M-series (Toronto subway car)

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TTC M1 Subway Car at Greenwood Yard.jpg
An M-series train at the Greenwood Subway Yard
Manufacturer Montreal Locomotive Works
Built at Montreal, Quebec
Constructed 1961–1962 [1]
Entered service 1962
Scrapped May 1999 [1]
Number built 36
Number in service None
Number preserved 2 (owned by private museum) [1]
Number scrapped 34
Formation 2 car mated pairs (operated as 3 pair (6 car) trains)
Fleet numbers 5300–5335
Capacity 83 (formerly 84) seated
Operator(s) Toronto Transit Commission
Line(s) served Yonge–University–Spadina line
Bloor–Danforth line
Car body construction Aluminum
Car length 23.012 m (75 ft 6.0 in)
Width 3.14 m (10 ft 4 in)
Height 3.65 m (12 ft 0 in)
Doors 8 sets (4 sets per side) per car
Maximum speed 89 km/h (55 mph)
Weight 27,215 kg (60,000 lb)
Traction system DC Traction Motors
Power output 120hp (88kw)
Auxiliaries None (?)
Electric system(s) 600 V DC Third rail
Current collection method Contact shoe
Braking system(s) Westinghouse Brake & Signal Co. digital electro-pneumatic braking and Electro-dynamic reheostatic service brake
Track gauge 4 ft 10 78 in (1,495 mm) Toronto gauge

The M-series rapid transit cars (commonly known as the M1) were a Toronto subway car model built by Montreal Locomotive Works in Montreal, Quebec between 1961 and 1962.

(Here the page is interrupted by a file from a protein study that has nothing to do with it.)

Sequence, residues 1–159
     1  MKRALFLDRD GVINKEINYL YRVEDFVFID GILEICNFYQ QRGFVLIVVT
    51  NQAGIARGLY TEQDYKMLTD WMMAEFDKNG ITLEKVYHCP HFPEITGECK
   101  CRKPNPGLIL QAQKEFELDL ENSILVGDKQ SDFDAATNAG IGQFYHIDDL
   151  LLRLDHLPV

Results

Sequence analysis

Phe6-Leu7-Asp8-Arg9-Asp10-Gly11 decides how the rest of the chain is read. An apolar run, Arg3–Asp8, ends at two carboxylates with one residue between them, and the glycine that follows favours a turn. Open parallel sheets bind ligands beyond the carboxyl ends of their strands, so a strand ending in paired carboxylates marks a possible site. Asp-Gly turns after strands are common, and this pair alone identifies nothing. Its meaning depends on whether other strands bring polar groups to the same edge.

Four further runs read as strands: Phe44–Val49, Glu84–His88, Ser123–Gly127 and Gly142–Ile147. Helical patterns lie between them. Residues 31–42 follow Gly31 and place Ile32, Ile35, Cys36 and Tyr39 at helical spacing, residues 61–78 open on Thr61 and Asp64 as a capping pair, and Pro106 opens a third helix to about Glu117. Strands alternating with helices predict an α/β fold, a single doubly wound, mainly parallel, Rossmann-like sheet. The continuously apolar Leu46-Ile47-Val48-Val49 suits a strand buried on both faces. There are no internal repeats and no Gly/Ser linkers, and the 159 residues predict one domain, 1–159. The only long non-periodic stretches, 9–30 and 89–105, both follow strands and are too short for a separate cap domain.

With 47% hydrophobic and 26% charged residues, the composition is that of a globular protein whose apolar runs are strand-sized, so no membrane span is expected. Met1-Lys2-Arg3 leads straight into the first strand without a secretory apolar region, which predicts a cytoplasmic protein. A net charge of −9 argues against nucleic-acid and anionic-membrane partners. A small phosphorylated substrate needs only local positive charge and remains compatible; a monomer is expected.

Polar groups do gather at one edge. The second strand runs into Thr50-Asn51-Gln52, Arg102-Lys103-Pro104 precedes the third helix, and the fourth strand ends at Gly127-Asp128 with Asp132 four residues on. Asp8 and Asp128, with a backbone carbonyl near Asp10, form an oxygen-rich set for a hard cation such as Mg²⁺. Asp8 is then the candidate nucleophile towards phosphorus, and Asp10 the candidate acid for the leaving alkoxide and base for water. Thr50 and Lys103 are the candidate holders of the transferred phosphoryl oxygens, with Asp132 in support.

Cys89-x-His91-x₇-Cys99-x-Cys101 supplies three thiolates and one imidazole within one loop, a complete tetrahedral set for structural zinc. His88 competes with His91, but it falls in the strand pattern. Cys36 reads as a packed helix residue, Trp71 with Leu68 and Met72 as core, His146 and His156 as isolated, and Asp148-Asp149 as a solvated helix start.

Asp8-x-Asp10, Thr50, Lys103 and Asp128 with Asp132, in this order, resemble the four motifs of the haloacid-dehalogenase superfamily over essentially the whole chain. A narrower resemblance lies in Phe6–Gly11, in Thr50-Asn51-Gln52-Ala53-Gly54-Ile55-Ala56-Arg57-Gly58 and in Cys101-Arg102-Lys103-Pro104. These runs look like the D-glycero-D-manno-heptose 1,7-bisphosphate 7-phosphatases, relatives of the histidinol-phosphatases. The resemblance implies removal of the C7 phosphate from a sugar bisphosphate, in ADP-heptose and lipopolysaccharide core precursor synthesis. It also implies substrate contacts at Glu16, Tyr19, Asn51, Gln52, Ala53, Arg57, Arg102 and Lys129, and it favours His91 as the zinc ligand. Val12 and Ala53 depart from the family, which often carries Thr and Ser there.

By 1960, the Toronto Transit Commission was preparing to expand its subway system to include the University line. The TTC wanted subway cars with a larger 75-foot (22.86 m) design and also wished to expand upon some of the experimental features in the existing G-Series cars.[2] The new design was pushed forward by GM John G. Inglis.

A total of only 36 M-series cars were built. As the subway expanded and more vehicles were necessary, the TTC turned to Hawker Siddeley to build the next series of subway cars.


The TTC performed testing at St. Clair and Union stations with a 75-foot test vehicle known as the Duncan Dragon. Built at the Duncan Shops by Len Bardsley and the D&D Equipment, the test car consisted of two trucks with three panels and was designed to test the size of train that could successfully navigate the tunnels. A steel girder with railings allowed workers to walk and ride the car during tests.

After specifications for the new cars were finalized, Alco's Montreal Locomotive Works was contracted to build the new cars, dubbed "M1".[1] The cars are historically notable as the first Canadian-built subway cars[2] and, at the time of their construction, were the longest subway cars in the world.[1]

All subsequent TTC cars have followed the size and length specifications of the M-series (though the Toronto Rocket deviates from the 2 car married pair formation) and influenced several other transit authorities to examine the use of longer cars.


The M1 trains were decommissioned and scrapped in 1999, with 2 cars given to the Halton County Radial Railway museum for preservation.[1]


External links[edit]


  1. ^ a b c d e f "Halton County Radial Railway: Collection Roster". Halton County Radial Railway. 2010. Retrieved 2010-01-15. 
  2. ^ a b Aaron Adel and James Bow, revised by Robert Lubinski (2006). "The Montreal Series (M-1) Cars (1963-1999)". Transit Toronto.